Published February 13th, 2014 at 4:34 PM
Steve Hebert — KCPT Special Correspondent
Fast food workers in the Kansas City, Mo., area took to the street to demand a better wage on July 29, 2013.
Armed with megaphones and signs, they stood outside a Burger King restaurant at the corner of Troost Avenue and Emanuel Cleaver II Boulevard demanding “15 and a Union,” the workers’ rally cry for an increased wage of $15 an hour and the right to unionize.
This event made Kansas City one of the first of 8 cities in the United States where fast food workers would walk out of their jobs to try and shed light on the low wages they are paid.
The workers claim their wages, which for most hover just above the minimum wage, are “poverty wages,” which make it impossible to pay bills and raise a family. Many workers said it was commonplace for workers to use welfare or other forms of the public safety net. They also made the argument that it’s hard to get up the ladder while working full-time and still not earning enough to pay bills.
In the Kansas City area, fast food workers called for three different strikes over four days in 2013. During the strikes, workers would drive around to different fast food restaurants where they would enter the establishments and make their demand for better pay. Dozens of workers flooded into the lobbies of the restaurants, waved signs and used megaphones to make their demands known to patrons and management. Many times the workers making the “demands” were employees of the fast food restaurant.
Workers from a few dozen restaurants joined the first strikes, and by Dec. 5, the third and final strike, organizers said workers from over 50 fast food restaurants were participating in the strikes. Organizers said strikes took place at locations of every national fast food chain.
University of California, Berkeley released a study in October 2013 that shed light on the working conditions of fast food workers in the United States, echoing the concerns of the striking workers in Kansas City. The study, “Fast Food, Poverty Wages,” focused on the public costs of low-wage jobs in the fast food industry. The study reports the median wage of workers was $8.69 an hour, median hours worked was 30 per week and only 13 percent of workers receive health benefits through their employer. It highlighted that 52 percent of the families of front-line fast food workers (non-managerial workers) are enrolled in one or more public safety net program, compared to 25 percent of the U.S. workforce as a whole. The study focused on the four largest nationwide safety-net programs and found that in Missouri, 49 percent of fast food workers relied on public assistance with a cost to the U.S. taxpayer of $149 million a year.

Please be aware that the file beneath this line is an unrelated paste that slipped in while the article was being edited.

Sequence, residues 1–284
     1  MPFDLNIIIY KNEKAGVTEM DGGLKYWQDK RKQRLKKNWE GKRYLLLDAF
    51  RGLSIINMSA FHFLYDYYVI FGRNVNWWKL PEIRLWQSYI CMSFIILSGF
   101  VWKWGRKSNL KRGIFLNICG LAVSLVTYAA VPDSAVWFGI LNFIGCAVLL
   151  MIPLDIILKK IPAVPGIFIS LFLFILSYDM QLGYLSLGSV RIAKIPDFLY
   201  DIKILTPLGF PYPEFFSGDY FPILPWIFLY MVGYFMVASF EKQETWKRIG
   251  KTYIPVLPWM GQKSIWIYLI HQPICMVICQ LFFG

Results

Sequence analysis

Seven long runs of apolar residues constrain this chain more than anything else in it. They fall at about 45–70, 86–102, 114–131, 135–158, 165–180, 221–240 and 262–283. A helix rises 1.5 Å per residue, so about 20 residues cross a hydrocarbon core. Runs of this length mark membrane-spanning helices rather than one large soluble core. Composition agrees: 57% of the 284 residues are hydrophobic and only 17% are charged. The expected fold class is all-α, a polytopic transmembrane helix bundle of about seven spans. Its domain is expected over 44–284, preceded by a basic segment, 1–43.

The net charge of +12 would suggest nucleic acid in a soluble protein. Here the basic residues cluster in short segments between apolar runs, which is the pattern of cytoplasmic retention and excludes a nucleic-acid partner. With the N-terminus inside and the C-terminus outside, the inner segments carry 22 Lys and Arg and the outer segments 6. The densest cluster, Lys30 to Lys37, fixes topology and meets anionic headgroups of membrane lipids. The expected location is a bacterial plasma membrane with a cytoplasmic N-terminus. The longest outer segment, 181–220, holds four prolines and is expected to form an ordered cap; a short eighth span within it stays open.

The Berkeley study concluded that due to low wages, lack of benefits and part-time employment, families of fast food workers utilize federal public benefit programs at a cost to the U.S. taxpayer of nearly $7 billion a year.
Fast food workers cite the study as proof that they are being paid too little, while some economists and liberal pundits say the issue showcases how the U.S. taxpayer is subsidizing an industry that makes billions of dollars of profit a year. A National Employment Law Project report details both the profits of the fast-food industry and the cost of the industry to taxpayers.
Official White House Photo by Amanda Lucidon
The issue of low wages in the fast-food industry has begun a discussion across America about whether the current minimum wage is sufficient. President Obama spoke about the issue during the State of the Union speech in January. He urged Congress to raise the minimum wage from the current rate of $7.25 to $10.10, which would raise the wages of 17 million Americans.
In the same speech, Obama promised to raise the minimum wage for federal contractors to $10.10 by executive order. He signed this order Wednesday.
City council members in Los Angeles want to raise the city-wide minimum wage for hotel workers to $15.37, with the hopes to extend the raise to all workers across the city.
Even though there have been scattered small raises for some workers since the strikes began over six months ago in Kansas City, workers said they won’t stop seeking “15 and a Union.” They said they will continue to demand raises and the ability to unionize. They plan to grow the ranks of fast food workers participating in the movement while also growing the numbers of community members willing to stand beside these workers.
Living wage, poverty wage and minimum wage rates for Kansas City, Mo.
2014 minimum wage, state by state
13 states raising pay for minimum-wage workers
Poverty rate information for Kansas City, Mo.